As many of us know, on this Memorial Day, often-called the unofficial “First Day of Summer,” “This ain’t no party, this ain’t no disco, this ain’t no foolin’ around!”[Lyrics from “Life During Wartime.”© David Byrne, 1979. Talking Heads, Fear of Music album and featured in the 1984 film Stop Making Sense]  Our friends, our loved ones and our colleagues are dying in large numbers. The death toll in the United States will most likely reach 100,000 as of the end of this hallowed Memorial Day! On behalf of CCDC, once again, I say, LET US REMEMBER!

 

— Kevin W. Williams, Civil Rights Legal Program Director, Colorado Cross-Disability Coalition. Memorial Day, May 25, 2020. Permission to share and distribute widely because we need to remember and continue in the proud tradition of disability rights activists all over the world and fix this calamity as soon as possible and save ourselves! We SHALL overcome!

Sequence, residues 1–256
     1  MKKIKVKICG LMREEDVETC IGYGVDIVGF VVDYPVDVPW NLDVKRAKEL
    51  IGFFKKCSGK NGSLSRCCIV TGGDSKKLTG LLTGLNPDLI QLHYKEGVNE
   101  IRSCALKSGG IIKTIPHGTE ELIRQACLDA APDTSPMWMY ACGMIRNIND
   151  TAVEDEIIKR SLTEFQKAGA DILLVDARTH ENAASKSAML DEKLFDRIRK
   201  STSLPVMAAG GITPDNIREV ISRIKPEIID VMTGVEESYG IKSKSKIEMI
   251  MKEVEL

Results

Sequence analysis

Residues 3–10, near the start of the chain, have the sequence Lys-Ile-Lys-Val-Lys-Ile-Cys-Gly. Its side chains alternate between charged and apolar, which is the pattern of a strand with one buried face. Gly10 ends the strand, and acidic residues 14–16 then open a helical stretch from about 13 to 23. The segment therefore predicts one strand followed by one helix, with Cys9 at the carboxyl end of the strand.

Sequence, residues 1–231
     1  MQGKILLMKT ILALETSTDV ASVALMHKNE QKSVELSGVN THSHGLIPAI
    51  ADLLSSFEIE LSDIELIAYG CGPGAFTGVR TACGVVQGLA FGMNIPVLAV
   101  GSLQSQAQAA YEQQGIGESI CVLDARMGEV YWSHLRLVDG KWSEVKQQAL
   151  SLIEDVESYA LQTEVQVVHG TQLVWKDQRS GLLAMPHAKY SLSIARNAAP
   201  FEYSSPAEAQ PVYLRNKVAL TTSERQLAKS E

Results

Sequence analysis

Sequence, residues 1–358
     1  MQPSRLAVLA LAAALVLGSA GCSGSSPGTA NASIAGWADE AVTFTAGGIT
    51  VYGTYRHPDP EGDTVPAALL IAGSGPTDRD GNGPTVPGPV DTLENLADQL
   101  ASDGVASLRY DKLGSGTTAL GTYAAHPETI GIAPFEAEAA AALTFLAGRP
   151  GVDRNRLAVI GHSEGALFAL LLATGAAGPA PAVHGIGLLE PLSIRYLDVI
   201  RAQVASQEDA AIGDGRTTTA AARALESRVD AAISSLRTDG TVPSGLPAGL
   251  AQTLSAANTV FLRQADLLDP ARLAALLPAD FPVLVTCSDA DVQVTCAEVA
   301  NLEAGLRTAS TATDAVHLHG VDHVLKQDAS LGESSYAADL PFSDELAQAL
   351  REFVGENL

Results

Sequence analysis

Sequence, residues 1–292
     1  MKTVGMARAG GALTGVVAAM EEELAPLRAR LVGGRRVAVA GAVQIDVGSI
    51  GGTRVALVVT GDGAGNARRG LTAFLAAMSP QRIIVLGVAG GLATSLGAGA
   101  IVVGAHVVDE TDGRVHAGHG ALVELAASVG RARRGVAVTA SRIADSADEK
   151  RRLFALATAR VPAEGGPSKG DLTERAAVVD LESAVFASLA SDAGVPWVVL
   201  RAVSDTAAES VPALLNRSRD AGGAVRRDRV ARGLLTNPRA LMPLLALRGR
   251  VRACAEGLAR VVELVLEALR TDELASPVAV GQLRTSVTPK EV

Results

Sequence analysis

Picture of Kevin W. Williams, CCDC Civil Rights Legal Program Director shown in front of banner that reads, “Colorado Cross-Disability Coalition: Nothing about us without us.”
Picture of Kevin W. Williams, CCDC Civil Rights Legal Program Director shown in front of
a banner that reads, “Colorado Cross-Disability Coalition: Nothing about us without us.”